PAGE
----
Monday, June 24, 2013

Why Coach Doc Rivers Is Really Leaving Boston





Boston Celtics' coach Doc Rivers just jumped to the L.A. Clippers, signing three-year, $21 million deal. But why would the Celts, who received a 2015 No.1 draft choice in return, dump a coach who's considered one of the top five in the NBA?

Simple. There's bad blood between Boston point guard Rajon Rondo and Rivers---real bad blood. One of them had to go, and it wasn't going to be Rondo, who's one of the top ten players in the NBA. Sources close to two Boston players report that Rondo, who sustained a season-ending ACL injury on Jan. 25,  went to GM Danny Ainge with a him-or-me ultimatum, basically forcing Rivers out the door.

Around the league, insiders have been buzzing all season about the raging conflict between Rivers and Rondo. More than once, sources say, the two almost came to blows. Apparently Ainge really wanted to keep Rivers and spent a lot of time playing peacemaker. But the relationship between Rivers and Rondo was too damaged to repair.

Rivers and Rondo have been at each other's throats for a while. The problem is that Rondo is a selfish jerk who prefers to do things his own way. A coach's nightmare, he's immature and thoroughly unpredictable. He doesn't always play hard. Against the better teams he'll go all out but will often not show up against lesser competition. To him a coach is an obstacle, not a source of guidance. Rivers was talking but headstrong Rondo wasn't listening. During games, Rivers would diagram plays that Rondo often ignored. The two tried to keep a lid on the turmoil but sometimes it boiled over in public. Court-side fans at the Boston Gardens occasionally witnessed expletive-laced arguments between them. In spite of his rogue point guard, Rivers, a truly skilled leader, has able to guide the Celts to successful seasons.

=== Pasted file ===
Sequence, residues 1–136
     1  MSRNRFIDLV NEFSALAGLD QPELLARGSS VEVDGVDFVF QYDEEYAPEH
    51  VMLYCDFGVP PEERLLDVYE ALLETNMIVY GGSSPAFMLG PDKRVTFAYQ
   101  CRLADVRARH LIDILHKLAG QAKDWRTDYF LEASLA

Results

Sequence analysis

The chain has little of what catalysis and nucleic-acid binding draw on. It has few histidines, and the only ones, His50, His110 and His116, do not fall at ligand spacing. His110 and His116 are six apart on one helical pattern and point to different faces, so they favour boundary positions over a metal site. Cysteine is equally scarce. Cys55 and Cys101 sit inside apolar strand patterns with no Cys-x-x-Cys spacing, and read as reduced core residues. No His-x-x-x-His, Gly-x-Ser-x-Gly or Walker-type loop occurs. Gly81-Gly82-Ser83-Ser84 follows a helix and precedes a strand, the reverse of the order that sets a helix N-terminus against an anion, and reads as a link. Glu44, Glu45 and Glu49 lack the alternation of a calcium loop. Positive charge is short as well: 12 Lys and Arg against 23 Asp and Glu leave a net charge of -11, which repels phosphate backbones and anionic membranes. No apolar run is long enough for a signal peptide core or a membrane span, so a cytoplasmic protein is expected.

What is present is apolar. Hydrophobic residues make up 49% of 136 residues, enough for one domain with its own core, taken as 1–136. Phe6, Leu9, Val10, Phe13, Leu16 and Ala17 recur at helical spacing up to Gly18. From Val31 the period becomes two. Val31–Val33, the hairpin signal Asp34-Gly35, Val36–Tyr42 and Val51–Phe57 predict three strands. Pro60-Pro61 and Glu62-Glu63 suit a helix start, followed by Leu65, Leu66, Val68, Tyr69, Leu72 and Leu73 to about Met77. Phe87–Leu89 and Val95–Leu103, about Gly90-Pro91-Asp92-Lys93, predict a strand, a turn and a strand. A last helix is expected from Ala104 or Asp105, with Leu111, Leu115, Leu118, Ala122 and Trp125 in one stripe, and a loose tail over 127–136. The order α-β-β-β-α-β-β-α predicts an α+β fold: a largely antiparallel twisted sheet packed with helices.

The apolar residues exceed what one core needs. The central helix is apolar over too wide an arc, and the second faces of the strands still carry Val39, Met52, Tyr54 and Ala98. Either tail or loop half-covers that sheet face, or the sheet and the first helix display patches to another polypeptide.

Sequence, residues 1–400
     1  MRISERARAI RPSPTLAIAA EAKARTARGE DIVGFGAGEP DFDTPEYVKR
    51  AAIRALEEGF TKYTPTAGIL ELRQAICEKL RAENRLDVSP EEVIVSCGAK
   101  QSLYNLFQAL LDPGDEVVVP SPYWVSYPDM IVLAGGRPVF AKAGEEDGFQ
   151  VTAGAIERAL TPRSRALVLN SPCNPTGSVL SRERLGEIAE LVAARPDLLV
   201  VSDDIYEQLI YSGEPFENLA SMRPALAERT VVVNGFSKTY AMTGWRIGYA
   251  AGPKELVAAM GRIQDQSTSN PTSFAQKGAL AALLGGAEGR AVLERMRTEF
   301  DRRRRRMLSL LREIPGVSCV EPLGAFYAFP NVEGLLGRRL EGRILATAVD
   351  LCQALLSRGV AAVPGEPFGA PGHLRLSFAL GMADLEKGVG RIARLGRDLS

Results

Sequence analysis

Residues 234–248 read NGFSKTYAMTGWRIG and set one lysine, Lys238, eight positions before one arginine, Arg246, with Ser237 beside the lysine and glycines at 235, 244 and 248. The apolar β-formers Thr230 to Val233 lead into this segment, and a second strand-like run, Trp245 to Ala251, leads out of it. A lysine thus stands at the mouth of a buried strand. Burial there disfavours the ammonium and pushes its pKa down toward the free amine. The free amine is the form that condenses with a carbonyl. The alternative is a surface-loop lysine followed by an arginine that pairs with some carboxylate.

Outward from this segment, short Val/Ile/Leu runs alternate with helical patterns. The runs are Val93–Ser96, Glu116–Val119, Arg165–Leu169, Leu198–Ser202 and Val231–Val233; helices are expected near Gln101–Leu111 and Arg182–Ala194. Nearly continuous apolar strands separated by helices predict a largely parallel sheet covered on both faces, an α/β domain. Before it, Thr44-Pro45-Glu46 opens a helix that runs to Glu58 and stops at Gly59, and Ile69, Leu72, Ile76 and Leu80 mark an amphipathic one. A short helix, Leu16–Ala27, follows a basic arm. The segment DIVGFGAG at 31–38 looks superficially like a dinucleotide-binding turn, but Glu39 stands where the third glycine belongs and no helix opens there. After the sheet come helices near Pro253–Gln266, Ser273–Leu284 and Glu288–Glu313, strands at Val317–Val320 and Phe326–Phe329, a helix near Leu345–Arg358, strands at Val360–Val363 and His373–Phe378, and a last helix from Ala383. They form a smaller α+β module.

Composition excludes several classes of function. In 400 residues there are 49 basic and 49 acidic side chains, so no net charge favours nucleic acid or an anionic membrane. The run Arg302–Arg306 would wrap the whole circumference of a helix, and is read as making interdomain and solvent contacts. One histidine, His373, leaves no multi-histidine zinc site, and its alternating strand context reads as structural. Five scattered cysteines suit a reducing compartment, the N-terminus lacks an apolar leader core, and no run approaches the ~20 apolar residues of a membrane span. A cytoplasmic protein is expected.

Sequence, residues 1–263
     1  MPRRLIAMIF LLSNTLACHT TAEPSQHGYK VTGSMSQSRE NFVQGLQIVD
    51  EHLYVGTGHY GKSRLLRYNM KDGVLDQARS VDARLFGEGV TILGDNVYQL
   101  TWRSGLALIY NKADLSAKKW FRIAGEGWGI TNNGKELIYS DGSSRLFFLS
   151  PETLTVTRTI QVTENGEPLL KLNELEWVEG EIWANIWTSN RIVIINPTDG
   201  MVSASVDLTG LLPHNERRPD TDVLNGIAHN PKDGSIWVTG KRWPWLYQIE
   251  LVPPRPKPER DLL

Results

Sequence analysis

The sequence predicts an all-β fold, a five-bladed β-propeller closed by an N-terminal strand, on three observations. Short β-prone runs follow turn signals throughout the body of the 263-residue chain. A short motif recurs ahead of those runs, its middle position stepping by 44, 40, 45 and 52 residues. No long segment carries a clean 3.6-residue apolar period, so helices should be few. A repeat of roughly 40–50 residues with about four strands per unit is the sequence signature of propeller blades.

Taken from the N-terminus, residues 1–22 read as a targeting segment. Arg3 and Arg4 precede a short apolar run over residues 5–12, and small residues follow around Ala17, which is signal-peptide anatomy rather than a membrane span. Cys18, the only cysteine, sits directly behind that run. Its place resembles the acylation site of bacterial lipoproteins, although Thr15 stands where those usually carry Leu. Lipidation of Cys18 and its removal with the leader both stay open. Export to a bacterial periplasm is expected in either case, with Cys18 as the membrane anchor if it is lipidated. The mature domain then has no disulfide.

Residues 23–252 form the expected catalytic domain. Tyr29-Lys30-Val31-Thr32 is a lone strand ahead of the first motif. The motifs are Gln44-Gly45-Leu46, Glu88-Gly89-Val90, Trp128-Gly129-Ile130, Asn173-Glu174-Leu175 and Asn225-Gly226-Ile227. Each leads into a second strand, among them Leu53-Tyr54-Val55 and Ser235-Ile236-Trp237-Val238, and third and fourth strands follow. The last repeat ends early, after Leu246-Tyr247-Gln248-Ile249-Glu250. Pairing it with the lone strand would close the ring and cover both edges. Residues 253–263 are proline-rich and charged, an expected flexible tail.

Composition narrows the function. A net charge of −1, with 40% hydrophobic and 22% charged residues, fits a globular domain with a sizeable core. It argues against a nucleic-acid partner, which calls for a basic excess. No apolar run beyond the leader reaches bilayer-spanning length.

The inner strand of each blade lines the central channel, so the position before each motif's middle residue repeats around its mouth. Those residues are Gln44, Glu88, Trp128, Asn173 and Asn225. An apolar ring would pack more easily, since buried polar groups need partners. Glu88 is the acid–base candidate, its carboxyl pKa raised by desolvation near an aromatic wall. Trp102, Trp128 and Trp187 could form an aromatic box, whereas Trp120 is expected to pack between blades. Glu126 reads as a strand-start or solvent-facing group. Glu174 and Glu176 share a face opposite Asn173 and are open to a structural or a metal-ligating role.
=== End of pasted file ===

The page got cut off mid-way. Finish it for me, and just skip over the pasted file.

Stlll, the coach's exit was no surprise to insiders.The Celtics had been quietly shopping Rivers this past season. Many teams would have loved to have him but there was a  problem--his salary, the highest in the league. Hardly anybody wanted to pay it. The Clippers weren't considered a candidate because their owner Donald Sterling is notoriously cheap and would balk at paying Rivers $7 million a year. But the No.1 Clipper, indispensable point guard Chris Paul, becomes a free agent at the end of the month. To keep him, to get him to sign an extended contract, Sterling would have to sign a coach he liked. Sterling just fired a coach, Vinny Del Negro, Paul didn't like. Paul wanted Rivers. Case closed.

So now, sporting a coach with championship pedigree, the Clippers, who were first-round casualties in the recent playoffs, are on the rise. With some roster tweaks they just might make the Western conference finals next season. The Celtics? They're headed in the opposite direction.

They're in rebuilding mode but they've got to do it with a featherweight foundation. Their first-rate coach is gone. Two of their three stars, Kevin Garnett and Paul Pierce, are ancient and likely to be traded for building blocks. Rondo is toxic. Boston needs some big-time players but many don't want to play with him. The Celts have to find a new coach who's not only high-quality but who's approved by Rondo and won't be putty in his hands.

Good luck with that.